Apple’s argument for having the Supreme Court hear the case is that the company basically claims it didn’t do it. That is, they weren’t actually involved the conspiracy end of the fraud, that the publishers themselves met to fix pries, Apple was the one standing on the sidelines to take advantage of the conspiracy.

Respondents’ repeated incantation of the word “participation” merely begs the question: When can genuine vertical business conduct, normally subject to the rule of reason, be branded as per se unlawful “par- ticipation” in a horizontal conspiracy?

Apple is arguing that it didn’t join in a horizontal conspiracy. Apple lays out out the DOJ’s case this way:

They argue that Apple crossed the line by keeping the publishers “informed of what their competitors were doing,” “urg[ing] the publishers to work together,” “actively help[ing] to coordinate their efforts,” and “us[ing] ‘the promise of higher prices as a bargaining chip.’”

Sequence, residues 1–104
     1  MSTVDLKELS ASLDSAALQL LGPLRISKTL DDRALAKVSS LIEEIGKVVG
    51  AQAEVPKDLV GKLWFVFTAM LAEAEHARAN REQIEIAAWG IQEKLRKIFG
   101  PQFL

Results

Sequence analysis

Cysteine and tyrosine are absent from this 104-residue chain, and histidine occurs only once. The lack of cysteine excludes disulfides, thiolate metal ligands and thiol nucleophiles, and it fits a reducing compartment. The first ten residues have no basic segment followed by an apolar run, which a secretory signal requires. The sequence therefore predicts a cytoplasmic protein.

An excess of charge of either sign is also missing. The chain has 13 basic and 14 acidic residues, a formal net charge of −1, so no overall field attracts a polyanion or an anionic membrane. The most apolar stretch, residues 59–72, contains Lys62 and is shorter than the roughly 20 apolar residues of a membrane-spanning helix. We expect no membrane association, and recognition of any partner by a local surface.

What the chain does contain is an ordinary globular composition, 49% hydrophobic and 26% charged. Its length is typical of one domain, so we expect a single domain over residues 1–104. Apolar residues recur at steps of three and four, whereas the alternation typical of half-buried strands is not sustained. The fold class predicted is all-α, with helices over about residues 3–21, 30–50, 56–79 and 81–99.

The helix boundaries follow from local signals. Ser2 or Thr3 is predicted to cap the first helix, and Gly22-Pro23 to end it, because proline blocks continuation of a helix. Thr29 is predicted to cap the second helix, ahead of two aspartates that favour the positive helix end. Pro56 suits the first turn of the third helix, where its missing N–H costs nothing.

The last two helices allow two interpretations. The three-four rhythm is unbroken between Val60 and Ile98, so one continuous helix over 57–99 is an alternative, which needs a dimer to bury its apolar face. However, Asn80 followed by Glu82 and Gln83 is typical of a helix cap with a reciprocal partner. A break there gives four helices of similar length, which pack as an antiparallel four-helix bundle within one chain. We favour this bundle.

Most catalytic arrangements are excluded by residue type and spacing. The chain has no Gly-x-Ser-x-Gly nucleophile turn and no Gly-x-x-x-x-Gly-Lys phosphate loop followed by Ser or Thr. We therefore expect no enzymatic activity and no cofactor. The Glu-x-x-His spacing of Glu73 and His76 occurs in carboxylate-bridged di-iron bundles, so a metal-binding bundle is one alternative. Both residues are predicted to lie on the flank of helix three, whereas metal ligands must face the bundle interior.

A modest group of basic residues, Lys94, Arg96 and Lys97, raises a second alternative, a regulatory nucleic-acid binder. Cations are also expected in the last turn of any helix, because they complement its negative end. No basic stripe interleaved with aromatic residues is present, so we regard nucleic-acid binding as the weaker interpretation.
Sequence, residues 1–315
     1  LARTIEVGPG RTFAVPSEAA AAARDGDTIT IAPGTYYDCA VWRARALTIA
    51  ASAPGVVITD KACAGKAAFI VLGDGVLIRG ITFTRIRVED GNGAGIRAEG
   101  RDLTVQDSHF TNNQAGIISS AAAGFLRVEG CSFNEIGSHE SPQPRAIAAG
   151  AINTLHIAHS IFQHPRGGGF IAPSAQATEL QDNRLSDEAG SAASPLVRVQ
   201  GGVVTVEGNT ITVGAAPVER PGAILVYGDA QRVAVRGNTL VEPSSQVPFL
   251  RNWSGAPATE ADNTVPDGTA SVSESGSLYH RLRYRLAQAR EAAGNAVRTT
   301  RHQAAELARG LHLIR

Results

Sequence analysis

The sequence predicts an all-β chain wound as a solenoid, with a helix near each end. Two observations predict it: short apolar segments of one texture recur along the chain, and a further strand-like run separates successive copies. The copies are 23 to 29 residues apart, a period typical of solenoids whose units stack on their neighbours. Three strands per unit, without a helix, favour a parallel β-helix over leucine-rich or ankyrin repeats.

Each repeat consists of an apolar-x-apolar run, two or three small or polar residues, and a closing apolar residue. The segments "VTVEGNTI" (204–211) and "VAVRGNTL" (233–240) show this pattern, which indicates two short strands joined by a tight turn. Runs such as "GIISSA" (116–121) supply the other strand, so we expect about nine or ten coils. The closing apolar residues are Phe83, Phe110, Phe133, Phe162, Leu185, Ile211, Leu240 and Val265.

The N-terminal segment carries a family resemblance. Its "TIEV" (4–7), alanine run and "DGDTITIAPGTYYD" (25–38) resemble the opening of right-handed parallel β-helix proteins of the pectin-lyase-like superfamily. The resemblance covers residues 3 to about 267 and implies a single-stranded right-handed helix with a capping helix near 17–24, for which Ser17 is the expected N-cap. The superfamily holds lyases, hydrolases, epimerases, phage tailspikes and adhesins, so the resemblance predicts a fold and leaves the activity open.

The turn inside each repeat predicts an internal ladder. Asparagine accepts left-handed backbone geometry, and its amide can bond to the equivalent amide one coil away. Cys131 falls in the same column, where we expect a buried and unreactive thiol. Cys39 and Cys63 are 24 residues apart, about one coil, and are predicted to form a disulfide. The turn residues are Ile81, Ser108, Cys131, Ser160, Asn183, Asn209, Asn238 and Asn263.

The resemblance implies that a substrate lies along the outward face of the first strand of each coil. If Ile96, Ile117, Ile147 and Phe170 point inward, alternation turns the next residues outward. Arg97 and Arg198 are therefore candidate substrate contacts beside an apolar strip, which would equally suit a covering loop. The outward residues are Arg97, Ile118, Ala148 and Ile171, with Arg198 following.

The DOJ, on the other hand, described Apple as not a “hapless actor” that was drawn into the conspiracy, “but in fact orchestrated the publishers’ conspiracy, and actively relied on their collusion to achieve its business ends.”

The DOJ could file another brief in answer to Apple’s brief, but whether it does or not we are finally nearing the end of the line. Many legal observers believe the court will simply deny a hearing, and that will be that. The court will already be in the limelight this summer as it will hear, then rule, on the Obama administration’s immigration executive order – just in time for the July conventions. The court should let the parties know this spring whether they will hear the Apple ebook case.